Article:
For several decades now we have been living in an age where humans are the deciders of fate for other species. Whether a species will be deemed worthy enough for protection of its body and its habitat is largely in the hearts, hands, and votes of our own species, Homo sapiens
. The Pholidota manidae
, have recently won our imperative legal support for protection from all of the illegal activities that surround these species.
The decision came last week when the CITES committee recommended transfer of all eight pangolin species to Appendix I, giving them full protection against international trade. Pangolins are currently the world’s most trafficked animal, with 1 million pangolins having been trafficked illegally in the last 15 years, according to WildAid. And that only includes the animals that have actually been intercepted, often in shipments measured by the ton. Perhaps 10 times that number has been trafficked, said Peter Knights, executive director of WildAid.
"People basically get a slap on the wrist" for trafficking pangolin under current regulations, Knights told CNN reporter John D. Sutter, who covered the story. But now because of the pending change in the species’ CITES listing, in China, which is thought to be the biggest market for illegal pangolin products, pangolin traffickers now could face 10 years in jail, he said.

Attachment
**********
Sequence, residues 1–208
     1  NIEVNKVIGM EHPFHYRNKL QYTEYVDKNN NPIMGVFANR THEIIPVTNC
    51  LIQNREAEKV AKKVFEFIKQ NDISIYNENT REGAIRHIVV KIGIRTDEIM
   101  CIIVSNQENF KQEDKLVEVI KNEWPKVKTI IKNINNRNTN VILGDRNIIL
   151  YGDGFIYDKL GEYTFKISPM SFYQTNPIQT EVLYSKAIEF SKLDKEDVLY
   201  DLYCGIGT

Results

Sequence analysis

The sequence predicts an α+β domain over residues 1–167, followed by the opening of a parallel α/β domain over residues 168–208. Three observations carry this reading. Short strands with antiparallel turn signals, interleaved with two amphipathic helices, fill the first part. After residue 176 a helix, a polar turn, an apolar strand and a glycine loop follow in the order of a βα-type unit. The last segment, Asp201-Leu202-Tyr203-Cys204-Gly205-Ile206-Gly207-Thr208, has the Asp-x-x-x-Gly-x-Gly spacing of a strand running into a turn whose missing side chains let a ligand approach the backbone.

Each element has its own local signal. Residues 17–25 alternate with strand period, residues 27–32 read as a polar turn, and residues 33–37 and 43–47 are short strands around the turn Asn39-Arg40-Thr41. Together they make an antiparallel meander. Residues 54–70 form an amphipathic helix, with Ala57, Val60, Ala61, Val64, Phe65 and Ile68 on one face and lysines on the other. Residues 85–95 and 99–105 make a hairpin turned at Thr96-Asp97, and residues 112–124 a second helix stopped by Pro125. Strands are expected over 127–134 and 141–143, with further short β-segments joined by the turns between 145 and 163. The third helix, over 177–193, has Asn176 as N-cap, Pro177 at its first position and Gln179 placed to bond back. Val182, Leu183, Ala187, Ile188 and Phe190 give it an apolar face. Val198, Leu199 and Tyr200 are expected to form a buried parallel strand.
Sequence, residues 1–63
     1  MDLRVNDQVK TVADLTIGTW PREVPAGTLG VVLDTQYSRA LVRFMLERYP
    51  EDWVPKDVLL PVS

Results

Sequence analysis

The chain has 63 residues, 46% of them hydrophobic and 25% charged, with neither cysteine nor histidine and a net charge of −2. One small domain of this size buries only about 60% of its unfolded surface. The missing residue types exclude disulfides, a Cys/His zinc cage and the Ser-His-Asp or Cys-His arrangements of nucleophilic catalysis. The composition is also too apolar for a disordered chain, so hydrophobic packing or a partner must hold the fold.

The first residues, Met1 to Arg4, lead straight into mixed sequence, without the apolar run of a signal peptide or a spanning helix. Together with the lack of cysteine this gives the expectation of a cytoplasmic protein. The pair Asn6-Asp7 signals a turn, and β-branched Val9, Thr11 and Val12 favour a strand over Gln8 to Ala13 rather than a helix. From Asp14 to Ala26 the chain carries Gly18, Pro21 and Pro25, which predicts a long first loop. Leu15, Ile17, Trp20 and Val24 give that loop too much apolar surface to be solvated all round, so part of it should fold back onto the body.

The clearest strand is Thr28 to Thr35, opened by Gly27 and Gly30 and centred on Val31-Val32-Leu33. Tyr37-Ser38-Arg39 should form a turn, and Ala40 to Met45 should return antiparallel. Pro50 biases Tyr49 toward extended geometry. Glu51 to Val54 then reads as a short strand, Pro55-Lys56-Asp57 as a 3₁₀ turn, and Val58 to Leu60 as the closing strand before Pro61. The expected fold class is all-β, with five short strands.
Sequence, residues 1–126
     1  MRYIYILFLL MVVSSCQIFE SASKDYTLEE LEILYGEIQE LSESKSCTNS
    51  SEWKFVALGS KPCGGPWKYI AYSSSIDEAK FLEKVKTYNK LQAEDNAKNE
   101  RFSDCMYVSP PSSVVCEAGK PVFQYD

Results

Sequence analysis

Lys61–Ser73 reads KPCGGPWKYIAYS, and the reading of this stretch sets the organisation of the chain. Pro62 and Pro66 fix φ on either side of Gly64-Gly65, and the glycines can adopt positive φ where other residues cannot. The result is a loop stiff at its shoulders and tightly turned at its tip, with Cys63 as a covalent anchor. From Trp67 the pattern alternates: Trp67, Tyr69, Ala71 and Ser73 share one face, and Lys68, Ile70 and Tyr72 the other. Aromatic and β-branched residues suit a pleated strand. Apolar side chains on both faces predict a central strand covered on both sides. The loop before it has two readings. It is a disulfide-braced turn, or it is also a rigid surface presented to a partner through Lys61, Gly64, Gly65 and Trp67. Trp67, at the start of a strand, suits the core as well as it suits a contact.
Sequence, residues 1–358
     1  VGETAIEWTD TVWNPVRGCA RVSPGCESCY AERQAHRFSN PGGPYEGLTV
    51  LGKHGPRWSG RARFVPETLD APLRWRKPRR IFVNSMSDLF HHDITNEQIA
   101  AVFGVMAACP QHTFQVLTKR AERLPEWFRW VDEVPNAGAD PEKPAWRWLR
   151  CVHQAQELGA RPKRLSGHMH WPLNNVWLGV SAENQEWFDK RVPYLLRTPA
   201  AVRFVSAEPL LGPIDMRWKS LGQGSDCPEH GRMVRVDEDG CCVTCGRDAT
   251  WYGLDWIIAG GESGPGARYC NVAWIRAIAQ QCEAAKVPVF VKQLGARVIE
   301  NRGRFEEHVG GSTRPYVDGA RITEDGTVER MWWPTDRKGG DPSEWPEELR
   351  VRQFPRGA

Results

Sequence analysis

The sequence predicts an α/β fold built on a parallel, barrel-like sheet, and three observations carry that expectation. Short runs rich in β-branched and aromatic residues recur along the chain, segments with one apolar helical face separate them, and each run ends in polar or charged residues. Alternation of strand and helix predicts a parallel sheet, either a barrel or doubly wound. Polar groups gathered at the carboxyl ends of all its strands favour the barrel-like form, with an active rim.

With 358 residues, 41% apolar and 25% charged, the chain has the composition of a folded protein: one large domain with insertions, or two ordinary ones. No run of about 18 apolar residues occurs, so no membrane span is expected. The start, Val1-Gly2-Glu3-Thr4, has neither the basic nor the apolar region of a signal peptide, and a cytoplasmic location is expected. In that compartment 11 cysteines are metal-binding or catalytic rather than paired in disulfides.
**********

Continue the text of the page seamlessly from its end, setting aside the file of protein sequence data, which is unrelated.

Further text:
Pangolins are trafficked largely for their meat, which is considered a rare delicacy, and scales, which are used in traditional medicine in Vietnam and China.
WWF issued the following statement from Ginette Hemley, WWF head of delegation to CITES CoP17:
“This is a huge win and rare piece of good news for some of the world's most trafficked and endangered animals. Giving pangolins full protection under CITES will eliminate any question about legality of trade, making it harder for criminals to traffic them and increasing the consequences for those who do.
But this fight doesn’t end here. The parties must move swiftly to enforce the decision. Illegal trade will continue to threaten pangolins as long as demand for their meat and scales persists. We need to strengthen anti-poaching and anti-trafficking efforts, and continue to reduce demand for illegal wildlife products in countries like China and Vietnam. Today is a major step forward for conservation. But only if countries act on the resolve they’ve shown today will pangolins be given the chance to survive and lose their tag as the world’s most trafficked mammal.”
Hemley’s words ring loud, because although the CITES recommendations are a great step forward, but the rules won't be enough to save the pangolin on their own. Conservation groups must continue to try to make the use of pangolin products unfavorable in Asia, and part of this comes from awareness. So, spread the word!